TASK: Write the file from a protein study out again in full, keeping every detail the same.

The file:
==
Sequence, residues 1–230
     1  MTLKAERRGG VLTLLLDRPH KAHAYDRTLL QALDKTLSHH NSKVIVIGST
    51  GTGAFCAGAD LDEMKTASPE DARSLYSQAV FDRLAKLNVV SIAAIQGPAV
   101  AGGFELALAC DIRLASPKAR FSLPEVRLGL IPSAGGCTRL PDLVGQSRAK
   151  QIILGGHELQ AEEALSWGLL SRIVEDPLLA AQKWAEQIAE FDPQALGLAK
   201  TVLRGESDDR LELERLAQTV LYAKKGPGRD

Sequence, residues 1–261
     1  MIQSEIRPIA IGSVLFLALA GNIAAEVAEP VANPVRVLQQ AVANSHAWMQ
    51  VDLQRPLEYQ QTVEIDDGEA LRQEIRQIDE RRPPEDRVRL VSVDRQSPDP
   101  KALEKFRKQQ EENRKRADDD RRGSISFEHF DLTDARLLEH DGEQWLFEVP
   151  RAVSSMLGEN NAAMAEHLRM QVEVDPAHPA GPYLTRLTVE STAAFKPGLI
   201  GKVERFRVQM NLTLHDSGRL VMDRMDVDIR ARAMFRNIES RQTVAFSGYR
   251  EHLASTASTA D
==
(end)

Sequence, residues 1–230
     1  MTLKAERRGG VLTLLLDRPH KAHAYDRTLL QALDKTLSHH NSKVIVIGST
    51  GTGAFCAGAD LDEMKTASPE DARSLYSQAV FDRLAKLNVV SIAAIQGPAV
   101  AGGFELALAC DIRLASPKAR FSLPEVRLGL IPSAGGCTRL PDLVGQSRAK
   151  QIILGGHELQ AEEALSWGLL SRIVEDPLLA AQKWAEQIAE FDPQALGLAK
   201  TVLRGESDDR LELERLAQTV LYAKKGPGRD

Sequence, residues 1–261
     1  MIQSEIRPIA IGSVLFLALA GNIAAEVAEP VANPVRVLQQ AVANSHAWMQ
    51  VDLQRPLEYQ QTVEIDDGEA LRQEIRQIDE RRPPEDRVRL VSVDRQSPDP
   101  KALEKFRKQQ EENRKRADDD RRGSISFEHF DLTDARLLEH DGEQWLFEVP
   151  RAVSSMLGEN NAAMAEHLRM QVEVDPAHPA GPYLTRLTVE STAAFKPGLI
   201  GKVERFRVQM NLTLHDSGRL VMDRMDVDIR ARAMFRNIES RQTVAFSGYR
   251  EHLASTASTA D